Nevada tribal members to vote on reservation this November
October 16, 2018
RENO, Nev. — This November, Native residents in Washoe and Mineral counties will cast their votes at polling stations within their own communities thanks to litigation led by the Pyramid Lake Paiute and Walker River Paiute tribes.
In August 2016, the tribes filed a lawsuit against then-Secretary of State Barbara Cegavske and Washoe and Mineral counties after their request for early voting and polling places on the reservations was denied allegedly due to the timing of the request.
Without on-site voting, tribal members faced 70- to 90-mile drives to vote at the nearest polling location.
That October, a U.S. District Court judge ruled in favor of the tribes. Washoe County was ordered to pay $25,000; the state, $20,000; and Mineral County, $15,000.
Satellite voting booths were set up in Nixon and Schurz, and this year, more tribal members in Nevada will have the opportunity to vote within their own communities.
"The right to vote is a fundamental right for all American citizens, but even after 53 years, since the Voting Rights Act of 1965, many Native Americans still face barriers and disenfranchisement in many states resulting in a number of lawsuits," Chairman Arlan D. Melendez of the Reno-Sparks Indian Colony said in a press release. "The recent federal litigation by the Pyramid Lake and Walker River Paiute Tribes resulted in a favorable outcome as Tribes in Nevada now have the opportunity to have county official voter registration offices, plus early-voting and election day voting stations in their communities.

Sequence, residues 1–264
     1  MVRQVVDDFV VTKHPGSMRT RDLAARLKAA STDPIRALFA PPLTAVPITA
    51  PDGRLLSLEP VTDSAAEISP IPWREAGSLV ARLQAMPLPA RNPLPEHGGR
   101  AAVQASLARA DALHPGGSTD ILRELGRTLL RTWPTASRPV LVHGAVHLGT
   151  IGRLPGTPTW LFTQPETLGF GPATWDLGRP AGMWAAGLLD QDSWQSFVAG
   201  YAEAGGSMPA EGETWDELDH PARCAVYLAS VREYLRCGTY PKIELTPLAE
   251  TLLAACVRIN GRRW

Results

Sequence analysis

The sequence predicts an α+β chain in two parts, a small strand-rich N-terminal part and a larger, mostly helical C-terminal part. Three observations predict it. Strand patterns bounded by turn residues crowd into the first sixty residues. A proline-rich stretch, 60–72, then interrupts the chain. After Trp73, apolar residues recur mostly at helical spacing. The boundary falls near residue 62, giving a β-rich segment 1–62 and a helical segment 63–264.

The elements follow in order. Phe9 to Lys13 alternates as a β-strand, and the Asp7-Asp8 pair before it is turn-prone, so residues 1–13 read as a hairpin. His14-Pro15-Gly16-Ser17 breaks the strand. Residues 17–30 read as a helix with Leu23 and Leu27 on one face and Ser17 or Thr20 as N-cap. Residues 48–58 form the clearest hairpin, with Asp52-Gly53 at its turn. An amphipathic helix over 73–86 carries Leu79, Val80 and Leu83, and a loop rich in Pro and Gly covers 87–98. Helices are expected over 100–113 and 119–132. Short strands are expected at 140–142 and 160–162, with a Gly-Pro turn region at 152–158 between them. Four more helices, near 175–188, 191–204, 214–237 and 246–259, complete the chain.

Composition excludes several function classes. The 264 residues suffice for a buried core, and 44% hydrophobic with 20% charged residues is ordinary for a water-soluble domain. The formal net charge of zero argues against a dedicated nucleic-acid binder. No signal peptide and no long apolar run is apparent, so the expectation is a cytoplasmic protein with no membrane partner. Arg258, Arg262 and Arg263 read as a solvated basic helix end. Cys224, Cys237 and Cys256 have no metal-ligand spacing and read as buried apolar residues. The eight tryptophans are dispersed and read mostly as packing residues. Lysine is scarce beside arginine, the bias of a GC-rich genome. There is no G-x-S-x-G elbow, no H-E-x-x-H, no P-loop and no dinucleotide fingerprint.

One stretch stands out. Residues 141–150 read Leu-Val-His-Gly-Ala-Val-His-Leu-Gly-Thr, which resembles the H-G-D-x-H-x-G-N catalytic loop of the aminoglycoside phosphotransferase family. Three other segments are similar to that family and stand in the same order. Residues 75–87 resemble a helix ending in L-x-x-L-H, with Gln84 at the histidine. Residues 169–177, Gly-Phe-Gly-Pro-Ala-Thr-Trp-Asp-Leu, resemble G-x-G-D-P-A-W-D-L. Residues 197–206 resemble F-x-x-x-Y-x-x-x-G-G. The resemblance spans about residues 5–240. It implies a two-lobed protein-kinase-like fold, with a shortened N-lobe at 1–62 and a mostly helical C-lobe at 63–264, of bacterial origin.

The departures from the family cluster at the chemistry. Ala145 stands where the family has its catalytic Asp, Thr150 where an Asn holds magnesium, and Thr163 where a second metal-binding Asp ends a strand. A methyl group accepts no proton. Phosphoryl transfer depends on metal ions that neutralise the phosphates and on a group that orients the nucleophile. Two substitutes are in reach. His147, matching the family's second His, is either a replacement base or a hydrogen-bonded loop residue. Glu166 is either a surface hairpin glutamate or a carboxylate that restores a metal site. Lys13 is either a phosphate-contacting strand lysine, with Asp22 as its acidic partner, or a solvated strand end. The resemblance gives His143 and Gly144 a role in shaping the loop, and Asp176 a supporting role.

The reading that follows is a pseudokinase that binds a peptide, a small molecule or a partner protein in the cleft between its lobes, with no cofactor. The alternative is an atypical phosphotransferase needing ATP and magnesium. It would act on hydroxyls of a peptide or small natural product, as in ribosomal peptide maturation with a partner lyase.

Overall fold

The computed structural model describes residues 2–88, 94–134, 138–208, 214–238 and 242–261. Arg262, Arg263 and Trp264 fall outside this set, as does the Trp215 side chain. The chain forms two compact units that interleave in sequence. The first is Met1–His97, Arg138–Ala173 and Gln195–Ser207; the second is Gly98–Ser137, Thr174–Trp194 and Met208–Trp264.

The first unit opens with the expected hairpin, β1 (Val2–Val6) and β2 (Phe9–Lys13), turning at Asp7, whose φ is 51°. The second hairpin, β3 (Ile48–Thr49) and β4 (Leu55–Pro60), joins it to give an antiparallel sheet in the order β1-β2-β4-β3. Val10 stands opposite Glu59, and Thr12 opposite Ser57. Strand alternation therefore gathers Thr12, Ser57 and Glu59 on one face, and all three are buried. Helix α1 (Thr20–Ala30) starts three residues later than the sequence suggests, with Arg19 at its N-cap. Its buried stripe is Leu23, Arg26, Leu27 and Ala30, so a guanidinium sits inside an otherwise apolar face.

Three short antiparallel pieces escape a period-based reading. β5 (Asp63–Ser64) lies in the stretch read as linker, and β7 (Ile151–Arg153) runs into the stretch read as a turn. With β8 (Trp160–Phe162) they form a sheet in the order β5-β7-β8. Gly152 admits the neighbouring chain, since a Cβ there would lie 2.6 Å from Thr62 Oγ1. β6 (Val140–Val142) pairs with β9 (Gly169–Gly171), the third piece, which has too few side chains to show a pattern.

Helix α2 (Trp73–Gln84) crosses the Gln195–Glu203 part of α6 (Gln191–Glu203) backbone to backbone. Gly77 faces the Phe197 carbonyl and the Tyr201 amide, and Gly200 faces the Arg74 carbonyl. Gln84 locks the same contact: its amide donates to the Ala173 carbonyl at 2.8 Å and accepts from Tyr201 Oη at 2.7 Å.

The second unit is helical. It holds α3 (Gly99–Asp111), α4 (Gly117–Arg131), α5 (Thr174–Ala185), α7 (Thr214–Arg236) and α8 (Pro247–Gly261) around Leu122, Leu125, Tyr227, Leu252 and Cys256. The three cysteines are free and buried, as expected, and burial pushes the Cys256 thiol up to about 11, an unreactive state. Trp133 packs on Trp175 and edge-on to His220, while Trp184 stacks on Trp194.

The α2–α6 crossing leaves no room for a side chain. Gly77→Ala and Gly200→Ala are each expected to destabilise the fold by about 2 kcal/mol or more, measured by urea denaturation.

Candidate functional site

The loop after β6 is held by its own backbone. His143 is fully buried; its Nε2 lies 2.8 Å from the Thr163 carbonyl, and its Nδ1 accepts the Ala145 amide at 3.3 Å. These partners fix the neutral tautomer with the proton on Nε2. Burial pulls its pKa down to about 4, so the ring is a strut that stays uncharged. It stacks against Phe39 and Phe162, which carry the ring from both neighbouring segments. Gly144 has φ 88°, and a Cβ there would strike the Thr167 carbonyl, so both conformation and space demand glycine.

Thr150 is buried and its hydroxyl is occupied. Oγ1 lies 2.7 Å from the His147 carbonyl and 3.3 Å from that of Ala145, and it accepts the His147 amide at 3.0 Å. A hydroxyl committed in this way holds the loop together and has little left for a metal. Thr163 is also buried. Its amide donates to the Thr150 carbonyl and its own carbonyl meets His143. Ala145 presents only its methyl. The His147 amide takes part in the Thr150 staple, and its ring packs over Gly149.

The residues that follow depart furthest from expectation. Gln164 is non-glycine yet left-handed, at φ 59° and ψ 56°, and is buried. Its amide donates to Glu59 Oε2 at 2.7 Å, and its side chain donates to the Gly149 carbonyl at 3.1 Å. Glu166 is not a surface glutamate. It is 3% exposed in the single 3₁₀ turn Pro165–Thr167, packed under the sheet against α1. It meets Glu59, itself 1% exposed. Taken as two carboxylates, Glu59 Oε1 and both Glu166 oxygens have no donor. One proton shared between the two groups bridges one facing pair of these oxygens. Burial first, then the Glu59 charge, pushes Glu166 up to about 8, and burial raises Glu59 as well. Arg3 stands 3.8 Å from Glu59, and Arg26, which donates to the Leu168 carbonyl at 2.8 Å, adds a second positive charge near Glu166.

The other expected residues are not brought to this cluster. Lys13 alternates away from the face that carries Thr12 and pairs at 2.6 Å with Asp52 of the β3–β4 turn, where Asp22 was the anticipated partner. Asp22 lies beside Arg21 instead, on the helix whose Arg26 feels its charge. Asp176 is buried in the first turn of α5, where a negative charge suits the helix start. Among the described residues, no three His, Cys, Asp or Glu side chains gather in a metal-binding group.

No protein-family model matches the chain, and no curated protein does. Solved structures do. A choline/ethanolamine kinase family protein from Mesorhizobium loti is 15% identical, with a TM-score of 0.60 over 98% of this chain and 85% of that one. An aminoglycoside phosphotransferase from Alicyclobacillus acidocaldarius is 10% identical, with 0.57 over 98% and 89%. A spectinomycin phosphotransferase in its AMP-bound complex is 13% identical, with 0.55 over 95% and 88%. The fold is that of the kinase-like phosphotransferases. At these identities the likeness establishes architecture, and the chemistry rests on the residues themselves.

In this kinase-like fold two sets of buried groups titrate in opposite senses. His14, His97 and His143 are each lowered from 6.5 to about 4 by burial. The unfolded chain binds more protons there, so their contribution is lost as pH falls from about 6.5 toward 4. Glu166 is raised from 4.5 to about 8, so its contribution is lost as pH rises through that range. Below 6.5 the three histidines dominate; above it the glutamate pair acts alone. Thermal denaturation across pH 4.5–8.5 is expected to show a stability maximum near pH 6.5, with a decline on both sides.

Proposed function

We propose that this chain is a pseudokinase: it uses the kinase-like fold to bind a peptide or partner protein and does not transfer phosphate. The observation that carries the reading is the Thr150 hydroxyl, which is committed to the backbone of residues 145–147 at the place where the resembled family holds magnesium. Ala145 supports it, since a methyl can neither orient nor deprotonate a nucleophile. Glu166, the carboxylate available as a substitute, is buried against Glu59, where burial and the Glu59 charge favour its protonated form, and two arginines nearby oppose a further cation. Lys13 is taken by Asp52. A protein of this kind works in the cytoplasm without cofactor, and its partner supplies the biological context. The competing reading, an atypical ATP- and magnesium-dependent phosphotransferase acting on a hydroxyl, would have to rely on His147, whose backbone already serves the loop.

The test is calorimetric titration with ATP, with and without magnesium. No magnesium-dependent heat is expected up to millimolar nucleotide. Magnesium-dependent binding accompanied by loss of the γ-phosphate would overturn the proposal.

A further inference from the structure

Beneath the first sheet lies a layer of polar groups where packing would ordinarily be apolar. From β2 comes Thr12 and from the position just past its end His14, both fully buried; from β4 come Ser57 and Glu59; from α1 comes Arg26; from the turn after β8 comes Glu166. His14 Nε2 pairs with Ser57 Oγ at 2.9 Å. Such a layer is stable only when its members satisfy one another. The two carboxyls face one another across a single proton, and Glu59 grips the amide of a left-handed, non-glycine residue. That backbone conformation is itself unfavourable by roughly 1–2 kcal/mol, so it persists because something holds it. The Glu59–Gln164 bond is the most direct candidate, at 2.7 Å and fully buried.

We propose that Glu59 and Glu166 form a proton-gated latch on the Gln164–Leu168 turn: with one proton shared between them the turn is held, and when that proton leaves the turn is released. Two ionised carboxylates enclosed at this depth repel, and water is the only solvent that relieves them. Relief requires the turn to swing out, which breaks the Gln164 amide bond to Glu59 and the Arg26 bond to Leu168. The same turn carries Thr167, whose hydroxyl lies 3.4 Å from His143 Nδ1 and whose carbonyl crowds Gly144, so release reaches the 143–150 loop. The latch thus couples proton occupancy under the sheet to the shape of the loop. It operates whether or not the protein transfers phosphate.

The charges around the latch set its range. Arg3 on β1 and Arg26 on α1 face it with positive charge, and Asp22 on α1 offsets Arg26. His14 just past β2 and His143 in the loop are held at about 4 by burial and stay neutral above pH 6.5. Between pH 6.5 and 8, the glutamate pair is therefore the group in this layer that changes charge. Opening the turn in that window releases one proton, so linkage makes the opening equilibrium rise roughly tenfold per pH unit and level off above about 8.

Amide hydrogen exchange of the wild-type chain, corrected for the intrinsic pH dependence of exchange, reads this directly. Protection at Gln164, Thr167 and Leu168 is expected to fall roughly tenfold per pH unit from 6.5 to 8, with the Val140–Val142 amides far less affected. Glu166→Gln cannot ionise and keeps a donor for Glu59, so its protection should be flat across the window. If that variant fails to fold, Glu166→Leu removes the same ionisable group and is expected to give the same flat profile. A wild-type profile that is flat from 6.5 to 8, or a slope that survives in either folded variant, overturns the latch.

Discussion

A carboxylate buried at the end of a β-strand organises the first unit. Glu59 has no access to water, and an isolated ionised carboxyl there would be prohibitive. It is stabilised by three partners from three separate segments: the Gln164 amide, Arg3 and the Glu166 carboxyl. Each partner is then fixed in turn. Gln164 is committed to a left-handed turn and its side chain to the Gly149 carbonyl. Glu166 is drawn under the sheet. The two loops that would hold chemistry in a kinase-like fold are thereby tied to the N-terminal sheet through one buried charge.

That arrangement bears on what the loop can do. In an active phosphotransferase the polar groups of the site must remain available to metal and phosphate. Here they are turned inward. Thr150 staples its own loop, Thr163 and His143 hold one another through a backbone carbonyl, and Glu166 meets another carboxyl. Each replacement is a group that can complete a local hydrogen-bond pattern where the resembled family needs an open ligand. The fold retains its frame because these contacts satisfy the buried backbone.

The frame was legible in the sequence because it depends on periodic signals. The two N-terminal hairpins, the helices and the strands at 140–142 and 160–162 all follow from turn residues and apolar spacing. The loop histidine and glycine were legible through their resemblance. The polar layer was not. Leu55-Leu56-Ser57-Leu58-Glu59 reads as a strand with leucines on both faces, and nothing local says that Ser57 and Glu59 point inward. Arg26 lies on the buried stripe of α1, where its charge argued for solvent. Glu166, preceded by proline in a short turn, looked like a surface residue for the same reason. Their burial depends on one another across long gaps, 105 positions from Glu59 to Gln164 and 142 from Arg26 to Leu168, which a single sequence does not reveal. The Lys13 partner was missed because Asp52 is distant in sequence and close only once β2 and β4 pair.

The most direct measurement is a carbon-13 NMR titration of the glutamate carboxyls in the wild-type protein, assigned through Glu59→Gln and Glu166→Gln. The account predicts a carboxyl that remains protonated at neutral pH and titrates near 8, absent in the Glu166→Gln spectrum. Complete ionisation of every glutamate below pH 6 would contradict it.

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"The Reno-Sparks Indian Colony will take advantage of this opportunity this November with a voting day station in our Hungry Valley community."
"For the first time in history, we will cast a vote from our neighborhood and not have to travel unacceptable distances to vote," he continued. "Though there are other barriers such as the need for automatic voter registration, language impediments to voting and other issues, Tribes across the nation and in Nevada are standing firm on their right to fair and equal access to voting."
On the heels of that 2016 lawsuit success, a new bill in the Senate seeks to further bolster Native American voting rights.
On Oct. 3, Democrats, including U.S. Sen. Catherine Cortez Masto (D-Nev.), introduced the Native American Voting Rights Act of 2018, legislation that strives to provide the necessary resources and oversight to ensure Native Americans have equal access to the voting process.
It would establish a Native American Voting Rights Task Force to authorize funding for tribal-state consortiums to boost Native voter registration, education and election participation. The bill would also increase Native access to voter registration sites and polling locations while ensuring equal treatment for tribal ID cards for voting purposes.
"Barriers to voting are far too common in Native communities," said Cortez Masto. "We have a responsibility to ensure that every person with the right to vote can cast a ballot. I'm proud to support this bill to protect Native American voting rights in Nevada and across the country."
Go to bit.ly/2pJHSh5 to read the full text of the bill.